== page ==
A. Lengvenyte, France

Presenter Of 4 Presentations

Symposium: Suicidal Risk in Bipolar Patients: Vulnerability and Mediators? (ID 189) No Topic Needed

Live Q&A

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Pre-Recorded with Live Q&A
Date
Mon, 12.04.2021
Session Time
15:30 - 17:00
Room
Channel 5
Lecture Time
16:38 - 16:58
Symposium: Improving Care for Patients with Co-occurring Addictive Disorders Through Personalised and Integrated Addiction Psychiatry (ID 289) No Topic Needed
Symposium: Improving Care for Patients with Co-occurring Addictive Disorders Through Personalised and Integrated Addiction Psychiatry (ID 289) No Topic Needed

S0014 - Suicidal Behaviour and Addiction: An Inseparable Couple? Mechanisms Underlying the Association and Targets for Interventions

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Pre-Recorded with Live Q&A, Section
Date
Sun, 11.04.2021
Session Time
10:00 - 11:30
Room
Channel 7
Lecture Time
10:17 - 10:34

ABSTRACT

Abstract Body

Suicidal behaviour is common in people with substance use disorder or behavioural addictions, and vice versa. Suicidal behaviour and addiction share many risk factors, such as increased allostatic load, and are associated with dysregulations of reward processing and impaired prefrontal cortex functioning, resulting in decision-making problems, loss of cognitive control, and impulsivity. Trait impulsivity predisposes the individual to increased sensitization to stressors or addictive stimuli. Addiction emerges when the motive for a pleasurable substance or activity transitions from positive to negative reinforcement. At this point, the stress response system is activated, and the main motivator shifts from pleasure to the escape from an aversive stimulus –withdrawal and craving. In parallel, insufferable psychological pain is the core component of the suicidal process, and a suicide attempt has been conceptualized as a way to reduce or escape it. Both states are associated with increased pain perception, stress system activation, inflammation, and anhedonia. However, while addiction generally reflects a shift from pleasure to the avoidance of negative stimuli, the pleasure is less identifiable in the suicidal process. Furthermore, not all individuals that engage in suicidal behaviours are impulsive or have an addiction, and not all individuals with addiction engage in suicidal behaviours. Yet, the understanding of the shared neurobiological component of addiction and suicidal behaviours may inform possible interventions in some individuals. Reward, pain, and stress systems are possible targets. Promising substances related to these systems that could reduce suicide risk include buprenorphine, lithium, ketamine, and psychological interventions aimed at psychological pain reduction and resilience.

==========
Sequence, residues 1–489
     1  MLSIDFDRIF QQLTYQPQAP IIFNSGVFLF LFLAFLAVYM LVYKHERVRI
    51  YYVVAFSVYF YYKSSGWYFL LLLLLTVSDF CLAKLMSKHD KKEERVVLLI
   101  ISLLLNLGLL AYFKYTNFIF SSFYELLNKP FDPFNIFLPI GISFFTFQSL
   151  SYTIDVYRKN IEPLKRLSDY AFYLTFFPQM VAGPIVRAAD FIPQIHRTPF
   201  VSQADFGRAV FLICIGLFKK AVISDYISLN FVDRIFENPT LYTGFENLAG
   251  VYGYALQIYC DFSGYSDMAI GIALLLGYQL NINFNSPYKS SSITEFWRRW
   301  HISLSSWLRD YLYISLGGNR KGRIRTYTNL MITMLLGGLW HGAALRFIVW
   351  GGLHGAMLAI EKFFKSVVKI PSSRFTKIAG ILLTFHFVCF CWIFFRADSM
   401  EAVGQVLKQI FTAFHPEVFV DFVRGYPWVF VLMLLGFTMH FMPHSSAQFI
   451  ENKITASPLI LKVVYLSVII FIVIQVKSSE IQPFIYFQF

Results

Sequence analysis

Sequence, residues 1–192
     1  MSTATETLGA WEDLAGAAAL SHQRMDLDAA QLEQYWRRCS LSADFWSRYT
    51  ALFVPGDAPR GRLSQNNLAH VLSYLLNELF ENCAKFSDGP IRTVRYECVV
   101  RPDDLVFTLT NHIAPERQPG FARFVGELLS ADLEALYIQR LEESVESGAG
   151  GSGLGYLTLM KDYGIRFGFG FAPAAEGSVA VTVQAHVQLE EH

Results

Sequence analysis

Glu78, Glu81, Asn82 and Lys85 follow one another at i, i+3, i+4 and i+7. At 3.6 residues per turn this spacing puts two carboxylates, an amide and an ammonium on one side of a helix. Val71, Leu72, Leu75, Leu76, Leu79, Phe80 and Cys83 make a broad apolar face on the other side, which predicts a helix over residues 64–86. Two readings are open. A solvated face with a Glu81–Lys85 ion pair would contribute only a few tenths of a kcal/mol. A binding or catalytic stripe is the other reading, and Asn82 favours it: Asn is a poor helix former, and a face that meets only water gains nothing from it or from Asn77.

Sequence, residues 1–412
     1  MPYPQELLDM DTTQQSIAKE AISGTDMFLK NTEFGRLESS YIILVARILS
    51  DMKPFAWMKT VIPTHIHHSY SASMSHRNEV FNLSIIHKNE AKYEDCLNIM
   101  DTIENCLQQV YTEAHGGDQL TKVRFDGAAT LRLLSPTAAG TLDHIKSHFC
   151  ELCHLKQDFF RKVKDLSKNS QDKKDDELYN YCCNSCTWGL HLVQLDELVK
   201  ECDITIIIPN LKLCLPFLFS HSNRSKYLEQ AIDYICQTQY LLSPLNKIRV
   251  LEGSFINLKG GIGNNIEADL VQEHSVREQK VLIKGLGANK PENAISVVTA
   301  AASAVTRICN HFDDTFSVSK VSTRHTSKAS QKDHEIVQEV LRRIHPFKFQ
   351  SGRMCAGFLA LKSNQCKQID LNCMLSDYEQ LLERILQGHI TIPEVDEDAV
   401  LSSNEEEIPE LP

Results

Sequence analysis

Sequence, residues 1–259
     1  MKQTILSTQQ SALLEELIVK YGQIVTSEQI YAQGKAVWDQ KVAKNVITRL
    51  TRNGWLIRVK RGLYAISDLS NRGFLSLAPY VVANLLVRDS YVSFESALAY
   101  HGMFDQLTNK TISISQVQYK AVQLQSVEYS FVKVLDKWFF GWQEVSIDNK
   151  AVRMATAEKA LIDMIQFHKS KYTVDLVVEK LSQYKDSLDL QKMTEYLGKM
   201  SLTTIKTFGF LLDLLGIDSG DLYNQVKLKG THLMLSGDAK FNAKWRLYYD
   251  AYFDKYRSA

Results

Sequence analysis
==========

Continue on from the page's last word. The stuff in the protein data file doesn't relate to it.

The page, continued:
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Symposium: Suicidal Risk in Bipolar Patients: Vulnerability and Mediators? (ID 189) No Topic Needed

S0092 - Risk Factors for Suicidal Behaviours in Late-onset Bipolar Disorder

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Pre-Recorded with Live Q&A
Date
Mon, 12.04.2021
Session Time
15:30 - 17:00
Room
Channel 5
Lecture Time
16:21 - 16:38

ABSTRACT

Abstract Body

Late-onset bipolar disorder (BD), when symptoms emerge after the age of 50 years, has gained recognition in the past decades. Currently, BD of about one in ten older patients is considered to be late-onset. Since suicide risk is extremely elevated in BD, especially at the onset of the illness, patients that live to old age are generally considered a survivor population. Meanwhile, patients with late-onset BD did not have BD while living through life periods that could be associated with typical risk factors for suicidal behaviours. Moreover, the late-onset BD might have specific etiopathogenesis, as demonstrated by less genetic component and more life stressors, medical comorbidity and alcohol use. Clinically, patients with late-onset BD have more depressive episodes and more favourable treatment outcomes, yet clinicians generally fail to adhere to guidelines while treating these patients. In n=614 older age BD patients from FondationFondamental Expert Centers, late-onset BD patients reported less lifetime suicidal ideation and attempts compared to non-late-onset patients, while there was no difference regarding the last year suicidal ideation. Better verbal memory was associated with more suicidal behaviour reporting in both groups. Meanwhile, late-onset patients had lower affect intensity and less childhood trauma – factors that were strongly positively associated with last year suicidal ideation in patients with earlier, but not late-onset BD. Meanwhile, late-onset BD patients had higher arterial blood pressure, which was associated with lifetime suicide attempt history in them, but not in earlier-onset patients. Late-onset BD seems to have a distinct pathway to suicidal behaviours.

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